Increases the probability of arrest once a stop is made; increases the likelihood of successful prosecution

… officers are properly trained in their use; can be administered to drivers stopped at random (where legal) or at sobriety checkpoints

Legal requirements for demanding tests must be met; costs to purchase and maintain devices

Curtailing Driving Privileges



Administrative suspension and revocation of driver licenses

Reduces the likelihood that convicted drunk drivers will drive while intoxicated during periods of suspension; deters drivers through threatened loss of driving privileges

… jurisdiction has adequate resources to process cases; suspensions are routinely and promptly imposed by an administrative agency rather than by the courts

Most suspended or revoked drivers continue to drive; high volume of cases arising from operators who drive while suspended or revoked can drain criminal justice resources; the large number of suspended or revoked drivers can increase the volume of police pursuits if drivers attempt to avoid apprehension


Imposing graduated licensing systems for young drivers

Reduces opportunities for inexperienced drivers to drive under high-risk conditions

… legislation and enforcement is supported by parents

Creates hardships for young drivers and their parents


Impounding, immobilizing, or confiscating the vehicles of drunk drivers

Reduces opportunities for convicted drunk drivers to continue driving; deters drivers through threatened loss of driving privileges

… vehicle is actually impounded or immobilized; threats alone are an insufficient deterrent

High costs can be incurred impounding, immobilizing, and storing vehicles; third parties who depend on use of the vehicle are also penalized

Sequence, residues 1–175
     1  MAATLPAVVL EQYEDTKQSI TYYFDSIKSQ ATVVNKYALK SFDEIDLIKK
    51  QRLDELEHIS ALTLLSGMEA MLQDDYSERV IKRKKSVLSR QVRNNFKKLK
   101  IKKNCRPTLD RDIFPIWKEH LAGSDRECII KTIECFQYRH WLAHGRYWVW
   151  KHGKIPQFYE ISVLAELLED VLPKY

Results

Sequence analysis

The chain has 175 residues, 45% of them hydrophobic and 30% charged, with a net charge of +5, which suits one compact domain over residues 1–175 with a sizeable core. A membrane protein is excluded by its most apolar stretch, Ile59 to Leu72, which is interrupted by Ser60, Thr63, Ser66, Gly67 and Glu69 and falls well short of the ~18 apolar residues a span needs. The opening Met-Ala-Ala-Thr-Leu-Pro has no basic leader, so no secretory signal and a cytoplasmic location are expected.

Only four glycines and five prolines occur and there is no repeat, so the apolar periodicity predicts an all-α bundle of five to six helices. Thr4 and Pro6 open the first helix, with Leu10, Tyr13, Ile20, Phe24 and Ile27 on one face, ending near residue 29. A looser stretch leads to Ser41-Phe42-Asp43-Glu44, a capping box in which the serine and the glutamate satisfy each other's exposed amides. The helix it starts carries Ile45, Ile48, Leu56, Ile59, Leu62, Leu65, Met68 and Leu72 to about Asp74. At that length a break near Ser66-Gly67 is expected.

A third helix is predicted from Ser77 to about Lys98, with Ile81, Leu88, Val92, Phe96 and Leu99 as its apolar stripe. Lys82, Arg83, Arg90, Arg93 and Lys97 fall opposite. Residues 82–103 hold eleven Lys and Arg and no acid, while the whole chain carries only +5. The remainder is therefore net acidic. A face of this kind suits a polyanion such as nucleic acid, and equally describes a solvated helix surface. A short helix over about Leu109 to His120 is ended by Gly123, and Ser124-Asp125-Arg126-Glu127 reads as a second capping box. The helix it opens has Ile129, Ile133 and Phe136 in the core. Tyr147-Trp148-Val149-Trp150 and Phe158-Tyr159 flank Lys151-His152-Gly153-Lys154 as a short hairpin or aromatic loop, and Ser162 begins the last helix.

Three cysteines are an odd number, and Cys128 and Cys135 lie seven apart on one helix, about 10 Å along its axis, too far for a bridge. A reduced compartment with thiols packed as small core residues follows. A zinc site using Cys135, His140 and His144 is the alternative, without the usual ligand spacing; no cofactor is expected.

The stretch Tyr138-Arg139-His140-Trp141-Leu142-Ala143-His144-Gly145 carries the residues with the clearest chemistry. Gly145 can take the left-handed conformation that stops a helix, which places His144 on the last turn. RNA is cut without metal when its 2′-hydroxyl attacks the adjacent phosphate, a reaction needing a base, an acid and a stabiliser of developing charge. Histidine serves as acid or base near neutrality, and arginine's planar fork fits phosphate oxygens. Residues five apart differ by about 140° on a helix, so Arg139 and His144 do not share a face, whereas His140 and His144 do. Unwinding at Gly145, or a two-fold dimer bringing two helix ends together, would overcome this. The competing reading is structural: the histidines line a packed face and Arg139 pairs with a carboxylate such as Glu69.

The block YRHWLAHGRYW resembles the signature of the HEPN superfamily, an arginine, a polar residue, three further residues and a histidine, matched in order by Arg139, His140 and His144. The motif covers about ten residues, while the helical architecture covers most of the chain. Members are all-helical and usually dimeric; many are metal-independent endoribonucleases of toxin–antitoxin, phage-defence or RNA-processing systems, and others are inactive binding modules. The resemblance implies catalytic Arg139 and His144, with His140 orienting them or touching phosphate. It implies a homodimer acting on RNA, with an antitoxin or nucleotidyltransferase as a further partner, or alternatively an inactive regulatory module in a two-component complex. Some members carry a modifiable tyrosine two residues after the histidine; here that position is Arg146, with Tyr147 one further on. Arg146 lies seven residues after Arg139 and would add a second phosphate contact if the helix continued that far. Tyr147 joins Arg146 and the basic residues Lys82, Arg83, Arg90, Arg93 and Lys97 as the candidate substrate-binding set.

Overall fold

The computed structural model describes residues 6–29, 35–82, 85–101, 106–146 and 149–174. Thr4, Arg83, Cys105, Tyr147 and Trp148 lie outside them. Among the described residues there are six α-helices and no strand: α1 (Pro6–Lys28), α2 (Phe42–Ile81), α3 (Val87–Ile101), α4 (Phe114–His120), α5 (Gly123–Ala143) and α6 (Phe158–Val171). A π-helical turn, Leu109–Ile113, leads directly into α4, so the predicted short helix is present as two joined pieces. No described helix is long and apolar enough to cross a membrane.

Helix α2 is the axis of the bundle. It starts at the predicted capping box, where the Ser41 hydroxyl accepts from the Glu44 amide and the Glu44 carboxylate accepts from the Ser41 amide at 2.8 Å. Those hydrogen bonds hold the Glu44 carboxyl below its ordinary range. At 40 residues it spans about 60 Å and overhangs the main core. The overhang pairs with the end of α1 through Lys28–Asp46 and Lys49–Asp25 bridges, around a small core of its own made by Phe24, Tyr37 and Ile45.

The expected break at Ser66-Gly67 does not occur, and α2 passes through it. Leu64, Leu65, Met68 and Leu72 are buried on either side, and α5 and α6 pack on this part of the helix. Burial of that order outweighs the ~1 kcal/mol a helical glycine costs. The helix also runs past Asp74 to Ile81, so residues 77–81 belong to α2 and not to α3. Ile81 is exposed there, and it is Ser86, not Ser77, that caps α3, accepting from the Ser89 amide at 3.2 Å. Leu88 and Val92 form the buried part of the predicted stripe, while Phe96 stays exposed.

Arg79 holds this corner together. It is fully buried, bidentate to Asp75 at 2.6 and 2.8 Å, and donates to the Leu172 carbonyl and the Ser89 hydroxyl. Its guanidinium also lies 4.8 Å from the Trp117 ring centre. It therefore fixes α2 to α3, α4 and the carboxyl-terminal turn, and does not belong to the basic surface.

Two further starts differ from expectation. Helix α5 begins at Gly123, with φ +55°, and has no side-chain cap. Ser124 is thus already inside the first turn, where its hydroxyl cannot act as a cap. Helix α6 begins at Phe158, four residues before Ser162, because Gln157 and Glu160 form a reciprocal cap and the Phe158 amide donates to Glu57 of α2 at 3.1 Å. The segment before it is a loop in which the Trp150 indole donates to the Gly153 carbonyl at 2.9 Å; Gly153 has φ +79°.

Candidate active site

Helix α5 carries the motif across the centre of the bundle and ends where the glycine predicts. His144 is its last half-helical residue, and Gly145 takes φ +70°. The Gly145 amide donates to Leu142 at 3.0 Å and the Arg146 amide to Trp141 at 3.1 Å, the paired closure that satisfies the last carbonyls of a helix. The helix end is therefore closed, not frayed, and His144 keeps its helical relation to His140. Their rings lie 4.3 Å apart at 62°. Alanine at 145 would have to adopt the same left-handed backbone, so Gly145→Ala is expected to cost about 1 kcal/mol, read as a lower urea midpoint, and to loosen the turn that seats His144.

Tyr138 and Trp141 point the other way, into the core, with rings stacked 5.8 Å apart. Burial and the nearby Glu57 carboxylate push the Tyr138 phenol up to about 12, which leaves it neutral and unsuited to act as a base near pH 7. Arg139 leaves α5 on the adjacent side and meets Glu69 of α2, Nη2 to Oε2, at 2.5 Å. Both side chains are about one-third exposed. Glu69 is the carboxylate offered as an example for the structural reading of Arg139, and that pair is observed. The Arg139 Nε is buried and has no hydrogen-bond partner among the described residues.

Confiscating license plates from convicted drunk drivers

Increases the probability that a convicted driver will be stopped by police

… more widely used and publicized

Specially-marked license plates indicating the vehicle is likely being operated by a convicted drunk driver is a similar alternative

Sanctioning Convicted Drunk Drivers



Requiring convicted drunk drivers to install electronic ignition locks on their vehicles

Prevents intoxicated drivers from operating their vehicles

… alternative sanctions are severe enough to persuade drivers to use the devices; drivers must periodically retest to keep the vehicle running; drivers cannot readily use other vehicles

Deterrent effect not likely to last beyond period when device is installed; minimizes inconvenience to others who are dependent upon the vehicle


Requiring convicted drunk drivers to complete alcohol assessment, counseling, or treatment programs

Reduces alcohol consumption of those convicted of drunk driving

… the treatment program is of high quality and demonstrated effectiveness

Not all drunk drivers benefit from these programs; program costs can be high


Confining convicted drivers to their homes

Reduces opportunities for offenders to continue driving; deters drivers through threatened loss of driving privileges

… monitoring is effective

Electronic monitoring is more efficient than personal monitoring

Monitoring Drunk Drivers



Closely monitoring high-risk drunk drivers

Reduces opportunities for convicted drunk drivers to continue driving

… highest risk drivers are selected for intensive monitoring

Labor intensive

Reducing Alcohol Consumption



Reducing the consumption of alcohol

Reduces intoxication levels of drivers, thereby reducing the risk of vehicle crashes

… reductions in consumption levels are substantial

Public support for measures to reduce consumption may be difficult to obtain in some jurisdictions


Suing alcohol beverage servers for serving intoxicated patrons who then drive and cause traffic injuries

Discourages serving intoxicated patrons, thereby reducing alcohol consumption